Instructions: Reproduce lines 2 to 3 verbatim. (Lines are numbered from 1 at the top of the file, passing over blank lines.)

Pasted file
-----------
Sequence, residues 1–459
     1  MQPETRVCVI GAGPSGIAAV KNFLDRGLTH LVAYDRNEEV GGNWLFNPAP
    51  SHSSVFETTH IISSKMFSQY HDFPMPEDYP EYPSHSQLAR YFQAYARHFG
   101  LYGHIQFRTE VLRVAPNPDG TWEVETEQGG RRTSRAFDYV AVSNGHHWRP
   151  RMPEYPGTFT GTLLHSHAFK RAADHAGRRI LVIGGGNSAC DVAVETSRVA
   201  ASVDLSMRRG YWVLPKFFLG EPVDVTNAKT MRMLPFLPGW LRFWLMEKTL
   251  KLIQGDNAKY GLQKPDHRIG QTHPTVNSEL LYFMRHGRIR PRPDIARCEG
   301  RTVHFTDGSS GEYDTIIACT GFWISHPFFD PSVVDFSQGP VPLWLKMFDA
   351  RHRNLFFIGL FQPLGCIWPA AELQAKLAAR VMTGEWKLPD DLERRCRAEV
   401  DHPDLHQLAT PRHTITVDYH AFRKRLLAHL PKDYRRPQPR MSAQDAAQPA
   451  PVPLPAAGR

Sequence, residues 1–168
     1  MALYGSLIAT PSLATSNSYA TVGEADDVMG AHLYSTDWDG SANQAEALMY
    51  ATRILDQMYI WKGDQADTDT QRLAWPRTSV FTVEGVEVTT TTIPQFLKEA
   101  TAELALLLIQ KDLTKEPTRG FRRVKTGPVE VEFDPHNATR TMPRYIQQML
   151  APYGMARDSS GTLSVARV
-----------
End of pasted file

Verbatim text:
     1  MQPETRVCVI GAGPSGIAAV KNFLDRGLTH LVAYDRNEEV GGNWLFNPAP
    51  SHSSVFETTH IISSKMFSQY HDFPMPEDYP EYPSHSQLAR YFQAYARHFG